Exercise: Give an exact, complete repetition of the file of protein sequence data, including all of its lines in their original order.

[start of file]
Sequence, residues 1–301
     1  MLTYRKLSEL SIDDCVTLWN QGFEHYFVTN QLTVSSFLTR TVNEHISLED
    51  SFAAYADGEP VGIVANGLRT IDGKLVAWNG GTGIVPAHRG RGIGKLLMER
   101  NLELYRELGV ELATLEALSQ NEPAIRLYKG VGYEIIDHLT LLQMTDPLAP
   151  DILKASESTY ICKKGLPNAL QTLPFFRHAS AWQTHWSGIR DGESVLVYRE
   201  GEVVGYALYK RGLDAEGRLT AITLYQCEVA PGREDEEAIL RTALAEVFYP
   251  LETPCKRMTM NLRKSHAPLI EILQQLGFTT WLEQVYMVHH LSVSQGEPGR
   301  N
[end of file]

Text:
Sequence, residues 1–301
     1  MLTYRKLSEL SIDDCVTLWN QGFEHYFVTN QLTVSSFLTR TVNEHISLED
    51  SFAAYADGEP VGIVANGLRT IDGKLVAWNG GTGIVPAHRG RGIGKLLMER
   101  NLELYRELGV ELATLEALSQ NEPAIRLYKG VGYEIIDHLT LLQMTDPLAP
   151  DILKASESTY ICKKGLPNAL QTLPFFRHAS AWQTHWSGIR DGESVLVYRE
   201  GEVVGYALYK RGLDAEGRLT AITLYQCEVA PGREDEEAIL RTALAEVFYP
   251  LETPCKRMTM NLRKSHAPLI EILQQLGFTT WLEQVYMVHH LSVSQGEPGR
   301  N